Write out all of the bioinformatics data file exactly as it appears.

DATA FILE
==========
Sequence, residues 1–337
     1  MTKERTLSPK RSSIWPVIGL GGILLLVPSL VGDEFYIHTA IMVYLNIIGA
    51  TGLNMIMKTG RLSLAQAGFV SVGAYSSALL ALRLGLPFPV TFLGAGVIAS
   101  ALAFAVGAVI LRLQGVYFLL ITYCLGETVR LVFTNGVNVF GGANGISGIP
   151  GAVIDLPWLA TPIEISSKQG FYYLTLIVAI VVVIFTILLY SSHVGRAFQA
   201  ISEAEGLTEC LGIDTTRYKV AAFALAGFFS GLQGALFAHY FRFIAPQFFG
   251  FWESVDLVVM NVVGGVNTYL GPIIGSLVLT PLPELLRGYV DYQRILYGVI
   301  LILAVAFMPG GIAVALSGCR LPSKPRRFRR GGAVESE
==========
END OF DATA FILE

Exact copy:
Sequence, residues 1–337
     1  MTKERTLSPK RSSIWPVIGL GGILLLVPSL VGDEFYIHTA IMVYLNIIGA
    51  TGLNMIMKTG RLSLAQAGFV SVGAYSSALL ALRLGLPFPV TFLGAGVIAS
   101  ALAFAVGAVI LRLQGVYFLL ITYCLGETVR LVFTNGVNVF GGANGISGIP
   151  GAVIDLPWLA TPIEISSKQG FYYLTLIVAI VVVIFTILLY SSHVGRAFQA
   201  ISEAEGLTEC LGIDTTRYKV AAFALAGFFS GLQGALFAHY FRFIAPQFFG
   251  FWESVDLVVM NVVGGVNTYL GPIIGSLVLT PLPELLRGYV DYQRILYGVI
   301  LILAVAFMPG GIAVALSGCR LPSKPRRFRR GGAVESE